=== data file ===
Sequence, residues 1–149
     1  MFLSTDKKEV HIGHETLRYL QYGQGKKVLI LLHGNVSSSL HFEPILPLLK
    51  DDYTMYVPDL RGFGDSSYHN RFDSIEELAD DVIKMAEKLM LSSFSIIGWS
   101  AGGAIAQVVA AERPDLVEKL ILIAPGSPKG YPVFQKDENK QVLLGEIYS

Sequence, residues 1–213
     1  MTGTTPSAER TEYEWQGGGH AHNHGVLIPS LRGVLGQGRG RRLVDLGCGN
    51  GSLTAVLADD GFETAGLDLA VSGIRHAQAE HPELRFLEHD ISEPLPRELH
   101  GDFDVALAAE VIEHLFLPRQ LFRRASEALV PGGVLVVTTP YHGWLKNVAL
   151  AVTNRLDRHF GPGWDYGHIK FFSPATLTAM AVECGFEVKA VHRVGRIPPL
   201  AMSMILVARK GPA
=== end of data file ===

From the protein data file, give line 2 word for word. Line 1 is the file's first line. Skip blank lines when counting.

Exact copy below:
     1  MFLSTDKKEV HIGHETLRYL QYGQGKKVLI LLHGNVSSSL HFEPILPLLK